It was delightful experience observing the next generation of young students at Mary Valley College teaching students from Kandanga Primary School about the endangered Mary River turtle. They each gave a little talk they had memorised. Then craft time, making turtles from paper plates. Great fun and very effective way of teaching. Well done Mary Valley College and teacher, Ms Zela Bissett.
MR T made a very good first impression on Penny Hall, CEO Burnett Mary Regional Group, Brad Wedlock & Steve Burgess from Mary River Catchment Coordinating Committee. MR T is on public display at his temporary home at the Tiaro Library, Forgan Tce, Tiaro.
All wild clutches protected during 2012/13 nesting season successfully hatched prior to the major floods experienced in the Mary River, south east Queensland in January & February 2013. Tiaro Landcare members protected nests where they were laid. Minimal human
interference allows the turtles to continue their lifecycle as they have done for millenia. Without protection of nests, the majority of eggs would be predated, putting the survival of this species at risk.
Our volunteers have been enjoying spending time by the river observing and recording behaviour of basking turtles in the Mary. Krefft’s turtle, white throated snapping turtle and Mary River turtle all bask together on the same rock or log. Yesterday we observed a female Mary River turtle basking on top of the shell of a larger female white throated snapping turtle. The white throated appeared quite unperturbed. The Mary River turtle could not maintain her balance once the white throated turtle started to walk along the log.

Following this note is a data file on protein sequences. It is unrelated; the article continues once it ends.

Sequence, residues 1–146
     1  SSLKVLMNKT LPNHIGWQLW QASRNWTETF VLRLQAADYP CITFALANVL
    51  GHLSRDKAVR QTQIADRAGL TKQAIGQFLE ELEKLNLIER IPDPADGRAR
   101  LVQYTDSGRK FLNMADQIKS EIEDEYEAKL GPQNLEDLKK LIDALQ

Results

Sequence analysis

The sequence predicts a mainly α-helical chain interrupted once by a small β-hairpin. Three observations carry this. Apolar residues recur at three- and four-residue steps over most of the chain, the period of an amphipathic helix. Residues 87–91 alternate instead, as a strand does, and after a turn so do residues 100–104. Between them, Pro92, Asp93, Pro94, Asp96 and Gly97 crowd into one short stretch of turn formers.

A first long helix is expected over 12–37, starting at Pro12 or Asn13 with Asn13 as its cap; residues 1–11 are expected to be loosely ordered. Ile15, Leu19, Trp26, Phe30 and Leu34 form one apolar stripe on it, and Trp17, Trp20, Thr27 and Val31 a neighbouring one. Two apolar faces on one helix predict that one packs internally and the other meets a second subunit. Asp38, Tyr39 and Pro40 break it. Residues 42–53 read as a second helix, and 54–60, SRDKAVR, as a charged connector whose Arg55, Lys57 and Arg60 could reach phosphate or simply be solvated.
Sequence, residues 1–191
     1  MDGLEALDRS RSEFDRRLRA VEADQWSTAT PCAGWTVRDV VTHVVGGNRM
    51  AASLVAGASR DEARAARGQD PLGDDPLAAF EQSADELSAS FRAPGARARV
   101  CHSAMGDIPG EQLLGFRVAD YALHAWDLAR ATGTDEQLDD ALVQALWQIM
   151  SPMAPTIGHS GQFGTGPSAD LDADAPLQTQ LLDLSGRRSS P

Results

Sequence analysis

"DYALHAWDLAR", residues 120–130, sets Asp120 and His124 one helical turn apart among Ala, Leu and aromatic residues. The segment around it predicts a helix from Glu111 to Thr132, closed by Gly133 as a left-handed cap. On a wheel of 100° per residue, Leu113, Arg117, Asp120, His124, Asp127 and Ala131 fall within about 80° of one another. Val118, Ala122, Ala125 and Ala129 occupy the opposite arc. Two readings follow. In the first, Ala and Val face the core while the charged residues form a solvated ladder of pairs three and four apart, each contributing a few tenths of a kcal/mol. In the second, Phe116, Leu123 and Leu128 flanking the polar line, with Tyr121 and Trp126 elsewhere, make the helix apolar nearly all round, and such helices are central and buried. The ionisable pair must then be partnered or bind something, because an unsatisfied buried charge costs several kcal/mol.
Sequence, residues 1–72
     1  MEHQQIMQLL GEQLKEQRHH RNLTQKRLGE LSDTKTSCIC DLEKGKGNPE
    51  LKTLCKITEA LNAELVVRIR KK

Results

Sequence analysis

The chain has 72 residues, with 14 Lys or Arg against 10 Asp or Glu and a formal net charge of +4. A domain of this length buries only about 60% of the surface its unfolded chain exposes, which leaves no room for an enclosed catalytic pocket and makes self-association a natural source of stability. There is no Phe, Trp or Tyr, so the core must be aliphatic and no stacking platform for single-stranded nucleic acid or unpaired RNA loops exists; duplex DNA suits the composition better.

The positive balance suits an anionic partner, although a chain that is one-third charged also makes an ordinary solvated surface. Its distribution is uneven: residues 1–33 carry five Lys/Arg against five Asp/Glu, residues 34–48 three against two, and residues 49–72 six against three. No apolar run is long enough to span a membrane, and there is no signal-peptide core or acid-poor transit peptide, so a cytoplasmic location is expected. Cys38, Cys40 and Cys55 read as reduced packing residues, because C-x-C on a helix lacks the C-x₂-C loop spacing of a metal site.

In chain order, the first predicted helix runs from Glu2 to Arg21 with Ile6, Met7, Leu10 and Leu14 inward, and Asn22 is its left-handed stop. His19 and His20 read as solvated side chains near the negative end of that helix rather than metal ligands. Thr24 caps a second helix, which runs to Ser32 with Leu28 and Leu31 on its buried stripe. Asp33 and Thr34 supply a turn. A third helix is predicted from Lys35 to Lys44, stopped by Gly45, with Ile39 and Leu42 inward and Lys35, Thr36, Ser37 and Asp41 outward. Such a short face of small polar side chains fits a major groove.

In the third episode of Two on the Great Divide, emminent Australian scientist Dr Tim Flannery and his friend, comedian John Doyle visited the Mary River and came face to face with the remarkable Mary River turtle and Australian lungfish. Tim is fascinated by the river and the survival of two ancient creatures. Tiaro Landcare was honored to host the film crew and play a role in the production of this documentary which is now available through ABC shops.
Enthusiastic volunteers from Kenilworth, many kilometres upstream of Tiaro, have helped with finding and protecting nests in the mid catchment. Sunshine Coast Regional Council have fenced a bank to prevent 4WD driving over nests of the endangered Mary River turtle, plus installed informative signage.
Researchers from the University of Queensland are conducting a tracking program of Mary River turtles. An adult female has been recorded at 7.4m ..this means she is hanging around on the bed of the river …..no wonder they are hard to find in the river..How long will she stay there? What food is there? Many questions to answer.
The Mary River is in flood. This week we’ve been observing many turtles (Kreffts, white-throated, saw-shelled and Mary River turtles) in gullies which only carry water during floods or heavy storms and in backwaters of the river where the flow is minimal. A valuable refuge for freshwater turtles.